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reaching youth via Aggada-like interventions (Bruno)

Parallel to the training material for the folks who are going to be doing interfaith work we’ll need material for them to use in this work. Again we are going to have to find a place in the system for it as well as a time. And, with regard to youth, it’s going to require a certain amount of pedagogical savvy.

This is an example of how that might work (and I’m open to your ideas and contributions):

Place in the system: Besides the obvious places (like a class on ethics or confirmation classes “z-z-z-z-z”) you might look for more creative spaces. Remember when we changed all the language courses so that they would be “relevant” i.e. “touristy”? Well some of the smarter kids are bored with that and are asking about culture (which is what WE learned: cheeses and wines and bits of history and essays from great authors in 102 french). Now we are not going to be able to revise all those books, but we can address some of the questions these kids are asking (e.g. in the crime series they are watching and puzzling over).

Now if you have kids like that, try this.
It means a crossover (using an English language text to teach them about French culture, but they are also available in German translation)
The author, Martin Walker, is not only a historian and experienced international journalist, he writes the most marvelous detective stories.

They are set in rural France, idyllic, intact communities, and peopled with characters worthy of the Victorians (in the best sense – that is where I learned psychology at that age, and I’ve been unpacking it ever since), noble, courageous, accepting challenges.

And he successively tackles and analyzes cultural and political challenges which face our age.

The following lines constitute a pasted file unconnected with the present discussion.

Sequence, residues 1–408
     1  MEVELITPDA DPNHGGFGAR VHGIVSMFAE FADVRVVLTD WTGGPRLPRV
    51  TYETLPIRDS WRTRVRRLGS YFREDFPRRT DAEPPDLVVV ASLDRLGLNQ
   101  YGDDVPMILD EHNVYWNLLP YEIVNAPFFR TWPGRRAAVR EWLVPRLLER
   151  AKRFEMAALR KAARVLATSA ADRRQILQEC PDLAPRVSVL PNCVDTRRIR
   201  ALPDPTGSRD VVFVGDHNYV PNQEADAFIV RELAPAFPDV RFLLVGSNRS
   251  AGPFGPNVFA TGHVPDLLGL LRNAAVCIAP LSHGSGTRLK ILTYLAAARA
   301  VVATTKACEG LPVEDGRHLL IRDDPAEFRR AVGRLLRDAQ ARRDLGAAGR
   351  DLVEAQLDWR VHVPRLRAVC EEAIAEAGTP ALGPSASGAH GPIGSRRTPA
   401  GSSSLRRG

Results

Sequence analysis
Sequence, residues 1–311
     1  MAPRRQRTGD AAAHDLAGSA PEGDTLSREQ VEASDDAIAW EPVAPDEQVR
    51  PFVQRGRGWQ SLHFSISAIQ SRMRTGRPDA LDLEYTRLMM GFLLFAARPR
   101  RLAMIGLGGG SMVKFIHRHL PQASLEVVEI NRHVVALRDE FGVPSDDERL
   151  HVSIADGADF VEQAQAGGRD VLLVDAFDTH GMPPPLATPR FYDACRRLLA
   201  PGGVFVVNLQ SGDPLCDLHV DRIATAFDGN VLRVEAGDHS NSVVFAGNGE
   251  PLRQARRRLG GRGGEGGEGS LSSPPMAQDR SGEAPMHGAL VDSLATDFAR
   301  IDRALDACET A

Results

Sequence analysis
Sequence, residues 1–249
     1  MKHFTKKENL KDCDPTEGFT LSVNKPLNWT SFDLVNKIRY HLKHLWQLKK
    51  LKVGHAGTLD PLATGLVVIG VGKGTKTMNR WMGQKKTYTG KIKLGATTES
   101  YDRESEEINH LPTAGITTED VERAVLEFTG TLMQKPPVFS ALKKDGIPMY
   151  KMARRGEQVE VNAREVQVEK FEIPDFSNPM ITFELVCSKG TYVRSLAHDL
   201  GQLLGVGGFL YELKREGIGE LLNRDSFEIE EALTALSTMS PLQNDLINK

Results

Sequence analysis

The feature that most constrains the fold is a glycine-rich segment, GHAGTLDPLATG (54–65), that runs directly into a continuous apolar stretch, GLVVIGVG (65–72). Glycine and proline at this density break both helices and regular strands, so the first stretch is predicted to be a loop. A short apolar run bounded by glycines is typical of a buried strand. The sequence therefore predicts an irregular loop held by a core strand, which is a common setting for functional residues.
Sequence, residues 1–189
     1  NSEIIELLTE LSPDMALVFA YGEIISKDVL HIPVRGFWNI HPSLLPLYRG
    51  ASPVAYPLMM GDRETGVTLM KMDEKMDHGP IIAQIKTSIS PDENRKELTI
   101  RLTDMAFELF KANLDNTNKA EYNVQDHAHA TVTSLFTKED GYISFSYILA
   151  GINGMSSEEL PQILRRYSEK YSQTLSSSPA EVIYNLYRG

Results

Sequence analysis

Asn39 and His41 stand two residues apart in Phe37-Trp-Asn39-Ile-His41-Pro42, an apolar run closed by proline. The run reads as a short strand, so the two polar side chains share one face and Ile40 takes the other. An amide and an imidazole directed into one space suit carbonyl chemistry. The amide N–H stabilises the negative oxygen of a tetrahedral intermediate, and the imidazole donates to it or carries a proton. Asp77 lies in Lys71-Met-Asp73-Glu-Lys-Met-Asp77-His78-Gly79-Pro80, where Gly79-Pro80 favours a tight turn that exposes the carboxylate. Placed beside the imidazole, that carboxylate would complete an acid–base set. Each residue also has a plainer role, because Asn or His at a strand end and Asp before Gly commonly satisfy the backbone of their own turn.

Unlike Donna Leon’s figure, who is a lone island of integrity in a world plagued by corruption, Bruno, Chief of Police, has his finger on the pulse of a community whose care is entrusted to him. Listen and watch as he structures and nurtures it:

A. The basic tenets are:

We know how to create community and transform evil.
There are challenges our generation faces, compared with:

  • extreme challenges of immediately preceding generations
  • remnants of their mistakes and choices

Value it (this generation) and protect and develop it.

Change is possible, also dangerous and challenging; it can be made controllable.
In a multi-cultural society, keep in mind that we have common goals:

  • respect every individual (and ethnée)’s uniqueness.
  • treasure our common humanity
    – treat a suspect as a human being
    (rather than intimidate them)

Each generation is typical:

  • the old have long-held grudges
  • the young are idealistic but their actions can be short-sighted
  • the middle-aged are floundering in re-defining themselves and recalibrating relationships
  • the aging are dealing with loss
  • the very young are trusting and willing to meet challenges and be guided by those they trust (who value their uniqueness and show them how they fit into the whole).

Men and women

Men are:

  • interested in long-termed relationships
  • nurturing
  • strong and virile but also tender and caring
  • they enjoy good food and wine and companionship (and provide these on a regular basis)

Women are:

  • remarkably talented and autonomous
    – have ambitions and goals
    – and the skills to realize them
  • interested in a relationship but not in being the relationship
    it’s an extra, added on to their already full (fulfilled) lives

Pamela invites Bruno into her bed (or not, as the case may be)
Isabelle initiates and he gives her room to do so (takes her on a picnic, so she’s not on his turf)
Mirabelle though dying, takes the reins in making commitments for both partners (often analyzing why she needs to do so)

Bruno is:

  • Father Christmas as well as mother hen

but in a twinkling he is:

  • leaping from a burning building after rescuing two kids

He’s got some heroic role (at least once) in each book, but he’s scared and vulnerable as he does so.
He’s no superhero
and he lets others have their turn
[paradigm: rugby]

He brings in new ideas, sees (especially) long-termed consequences of various paths and develops alternative strategies –
and then lets go while others fill these out and implement the ideas.
Sometimes he gets credit, sometimes it becomes the mayor’s “idea” – he’s happy either way — so long as the idea gets used.

Parallel police figures (representing different police forces):

Duroc –  is a bully has to be shamed into submission (by getting better results with softer methods)

police women  – are usually his allies

JJ and he are playing bad cop / good cop (respectively) between them,